Internet Week NY—which “supports New York’s vibrant tech-based economy and celebrates the entrepreneurial spirit and global impact of technology on business, entertainment and culture”—is wrapping up after delivering mountains of insight into innovative businesses and entrepreneurs.
BlackEnterprise.com attended a handful of panels. Here are some highlights and takeaways that came from the panels:
Mondelēz International SVP, Chief Media and eCommerce Officer Bonin Bough’s keynote speech about #FearlessTalent focused on why companies should development talent from within. His push to unleash the “intrapreneurship” at a company, he says, is to encourage young talent to stick around and develop innovative ideas that could push businesses forward. And, according to Bough, nearly 10% of all graduates business schools leave the institutions and go to work for tech startups. Additionally, he said fewer than 1% of courses descriptions at the top 100 business schools included the words “emerging,” “mobile,” “digital” or “technology”—terms quite popular in the field.
A fireside chat with fashion designer and Complex founder Marc Ecko addressed demographics. When Ecko became dissatisfied with the splintered advertising channels for his multifaceted audience, he was inspired to create Complex and adapted a model of “like-like” advertising/sponsorships rather than “look-alike” sponsorships from entities that thought the audience had a specific set of looks as well as interests. The approach of not grouping his audience into race, age and other categories in favor of interests has helped his company expand into the video business.
In a panel titled “Harnessing the Entrepreneurial Spirit,” speakers urged fledgling entrepreneurs to have diverse experiences in order to discover their next billion-dollar invention. Melissa Alam, the founder and editor-in-chief of Femme & Fortune, summed it up with her comment, “If someone else started it, could I do it better?” In addition to finding voids in the market, entrepreneurs looking for support in the forms of mentors and accelerators must be sure they have the right people on their side. “It’s key to have a mentor who wants to work with you,” Dorin Rosenshine, founder and CEO of Outleads, told the audience, adding, “Just like you want investors and advisors in your field, your accelerator should also have success in your field.”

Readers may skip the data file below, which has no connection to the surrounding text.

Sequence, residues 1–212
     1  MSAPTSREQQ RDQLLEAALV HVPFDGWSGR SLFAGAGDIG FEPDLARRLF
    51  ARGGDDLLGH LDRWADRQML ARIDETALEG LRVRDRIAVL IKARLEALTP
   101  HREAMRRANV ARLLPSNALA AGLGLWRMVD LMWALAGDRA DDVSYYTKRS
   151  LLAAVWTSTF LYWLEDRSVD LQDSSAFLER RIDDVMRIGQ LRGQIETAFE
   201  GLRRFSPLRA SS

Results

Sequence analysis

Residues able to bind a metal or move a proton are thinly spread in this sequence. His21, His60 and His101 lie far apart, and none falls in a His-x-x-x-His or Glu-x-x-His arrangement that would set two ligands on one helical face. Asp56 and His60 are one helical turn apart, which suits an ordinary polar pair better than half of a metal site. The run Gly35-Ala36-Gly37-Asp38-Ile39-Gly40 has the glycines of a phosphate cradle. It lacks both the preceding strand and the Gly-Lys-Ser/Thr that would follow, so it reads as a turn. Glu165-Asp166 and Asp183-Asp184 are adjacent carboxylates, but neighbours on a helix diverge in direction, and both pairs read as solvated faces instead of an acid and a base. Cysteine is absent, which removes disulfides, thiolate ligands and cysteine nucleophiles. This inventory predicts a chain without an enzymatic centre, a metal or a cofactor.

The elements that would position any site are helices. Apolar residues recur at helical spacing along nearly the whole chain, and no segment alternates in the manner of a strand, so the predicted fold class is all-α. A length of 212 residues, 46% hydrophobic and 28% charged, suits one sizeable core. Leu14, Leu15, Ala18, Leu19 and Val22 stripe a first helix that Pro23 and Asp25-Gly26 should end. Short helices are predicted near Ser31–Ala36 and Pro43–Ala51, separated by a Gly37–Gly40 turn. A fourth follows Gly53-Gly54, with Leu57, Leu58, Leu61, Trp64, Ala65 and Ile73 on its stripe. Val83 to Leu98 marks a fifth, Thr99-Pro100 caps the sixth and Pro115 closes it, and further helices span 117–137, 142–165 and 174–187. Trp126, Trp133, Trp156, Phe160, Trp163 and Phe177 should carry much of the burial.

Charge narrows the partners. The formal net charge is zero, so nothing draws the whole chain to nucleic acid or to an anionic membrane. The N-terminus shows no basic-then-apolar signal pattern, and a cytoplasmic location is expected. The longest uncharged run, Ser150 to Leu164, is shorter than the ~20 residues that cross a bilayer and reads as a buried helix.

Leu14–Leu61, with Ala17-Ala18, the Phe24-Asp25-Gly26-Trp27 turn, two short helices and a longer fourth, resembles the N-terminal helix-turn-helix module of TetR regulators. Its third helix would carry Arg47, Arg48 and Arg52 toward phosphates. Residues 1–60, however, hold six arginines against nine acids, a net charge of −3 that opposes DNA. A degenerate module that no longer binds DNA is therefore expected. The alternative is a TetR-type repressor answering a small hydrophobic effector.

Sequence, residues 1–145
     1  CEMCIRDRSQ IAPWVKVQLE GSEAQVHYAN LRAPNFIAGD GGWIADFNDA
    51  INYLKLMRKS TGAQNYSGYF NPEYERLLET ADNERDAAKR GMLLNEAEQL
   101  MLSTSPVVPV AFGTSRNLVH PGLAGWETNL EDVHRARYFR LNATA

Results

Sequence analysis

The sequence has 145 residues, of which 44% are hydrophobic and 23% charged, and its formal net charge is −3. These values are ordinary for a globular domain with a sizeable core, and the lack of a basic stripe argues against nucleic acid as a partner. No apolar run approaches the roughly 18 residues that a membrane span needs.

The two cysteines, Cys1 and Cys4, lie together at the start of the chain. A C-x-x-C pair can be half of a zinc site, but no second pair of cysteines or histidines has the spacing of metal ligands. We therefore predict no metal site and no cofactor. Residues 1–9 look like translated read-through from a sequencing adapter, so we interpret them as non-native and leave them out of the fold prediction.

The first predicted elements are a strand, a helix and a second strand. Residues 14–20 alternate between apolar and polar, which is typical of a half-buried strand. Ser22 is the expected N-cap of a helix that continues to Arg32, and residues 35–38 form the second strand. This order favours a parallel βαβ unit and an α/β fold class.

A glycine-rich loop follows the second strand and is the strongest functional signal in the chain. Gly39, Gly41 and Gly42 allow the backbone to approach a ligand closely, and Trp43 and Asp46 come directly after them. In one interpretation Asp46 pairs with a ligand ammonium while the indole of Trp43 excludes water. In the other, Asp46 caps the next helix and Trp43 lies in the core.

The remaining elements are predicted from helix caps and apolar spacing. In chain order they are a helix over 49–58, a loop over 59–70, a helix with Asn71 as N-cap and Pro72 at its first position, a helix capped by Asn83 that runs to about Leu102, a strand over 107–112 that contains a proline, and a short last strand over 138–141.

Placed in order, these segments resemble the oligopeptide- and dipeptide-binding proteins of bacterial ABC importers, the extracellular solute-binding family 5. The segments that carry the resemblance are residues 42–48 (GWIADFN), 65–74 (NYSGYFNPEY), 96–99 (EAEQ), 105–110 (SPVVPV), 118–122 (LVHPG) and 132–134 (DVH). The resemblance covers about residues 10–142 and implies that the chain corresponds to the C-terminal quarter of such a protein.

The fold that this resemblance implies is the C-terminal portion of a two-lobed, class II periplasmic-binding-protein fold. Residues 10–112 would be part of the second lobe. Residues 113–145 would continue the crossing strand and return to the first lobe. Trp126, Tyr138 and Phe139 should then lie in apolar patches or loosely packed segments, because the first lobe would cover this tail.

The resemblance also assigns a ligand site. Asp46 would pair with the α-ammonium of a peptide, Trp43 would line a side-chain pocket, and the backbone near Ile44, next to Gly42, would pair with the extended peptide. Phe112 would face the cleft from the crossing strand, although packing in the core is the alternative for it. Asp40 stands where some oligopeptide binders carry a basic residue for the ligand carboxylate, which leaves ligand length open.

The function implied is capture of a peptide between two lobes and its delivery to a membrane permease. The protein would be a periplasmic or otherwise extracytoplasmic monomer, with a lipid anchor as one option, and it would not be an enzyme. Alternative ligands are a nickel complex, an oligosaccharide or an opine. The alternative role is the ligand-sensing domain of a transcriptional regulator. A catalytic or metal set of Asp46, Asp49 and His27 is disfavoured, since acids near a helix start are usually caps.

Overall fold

“Set up a pool of candidates to be diverse before interviewing,” was the advice from PubMatic President Kirk McDonald during the “Being Conscious of the Unconscious Bias” panel. Other panelists agreed during the discussion about welcoming those “who may not see themselves in the tech industry” to the field notoriously known to have few female and minority employees. They also agreed that not making diverse hires can hurt a company’s bottom line down the line, but the process needs to be one that’s willing to be accepted. “Just because hiring diverse staff is a proven good technique doesn’t mean businesses will do it,” said one panelist.
Cisco Vice President, IoE Global Practice Joseph M. Bradley talked about the growing Internet of Everything and his Top 5 implications of Digital Disruption (5. Data is everywhere, insights are scarce; 4. Real-time is too late; 3. If it doesn’t work on mobile, it doesn’t work; 2. Context is king; 1. Innovation is more than ideation), and also took issue with a phrase often found in the tech/startup world. “Fail fast,” he said, should be flipped on its head and replaced by the more positive “learn quickly.”
We’ve talked at length at Black Enterprise about the importance of being present on social media and using it to build your brand. During a panel on that topic, Fashion Queens star Bevy Smith talked about another purpose social media served in her career: she used it to transition into TV. Having worked in advertising at VIBE and Rolling Stone, Smith spent two years live-tweeting episodes of The View (unpaid and unsolicited), building buzz and eventually scoring a guest spot on the show. She says that along with social media’s power to establish you as an expert in a topic that you love, you can also use it to build stronger relationships with fans and potential clients. Just make sure you set your own social media boundaries (times of day you’ll tweet up to promised engagement should a company come calling and want you to promote for them) and stay true to yourself.